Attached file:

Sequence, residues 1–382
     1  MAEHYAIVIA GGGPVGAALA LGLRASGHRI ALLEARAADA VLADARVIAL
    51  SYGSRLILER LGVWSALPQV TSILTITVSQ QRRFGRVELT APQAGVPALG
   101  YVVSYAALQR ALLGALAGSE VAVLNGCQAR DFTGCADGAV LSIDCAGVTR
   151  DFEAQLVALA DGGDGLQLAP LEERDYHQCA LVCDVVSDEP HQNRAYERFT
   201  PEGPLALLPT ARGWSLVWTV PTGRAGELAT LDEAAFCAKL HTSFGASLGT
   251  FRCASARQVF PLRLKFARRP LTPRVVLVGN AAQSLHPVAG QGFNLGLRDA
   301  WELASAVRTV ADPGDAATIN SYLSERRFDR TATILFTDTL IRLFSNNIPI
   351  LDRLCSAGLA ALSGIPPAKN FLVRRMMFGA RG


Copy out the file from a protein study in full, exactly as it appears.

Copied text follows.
Sequence, residues 1–382
     1  MAEHYAIVIA GGGPVGAALA LGLRASGHRI ALLEARAADA VLADARVIAL
    51  SYGSRLILER LGVWSALPQV TSILTITVSQ QRRFGRVELT APQAGVPALG
   101  YVVSYAALQR ALLGALAGSE VAVLNGCQAR DFTGCADGAV LSIDCAGVTR
   151  DFEAQLVALA DGGDGLQLAP LEERDYHQCA LVCDVVSDEP HQNRAYERFT
   201  PEGPLALLPT ARGWSLVWTV PTGRAGELAT LDEAAFCAKL HTSFGASLGT
   251  FRCASARQVF PLRLKFARRP LTPRVVLVGN AAQSLHPVAG QGFNLGLRDA
   301  WELASAVRTV ADPGDAATIN SYLSERRFDR TATILFTDTL IRLFSNNIPI
   351  LDRLCSAGLA ALSGIPPAKN FLVRRMMFGA RG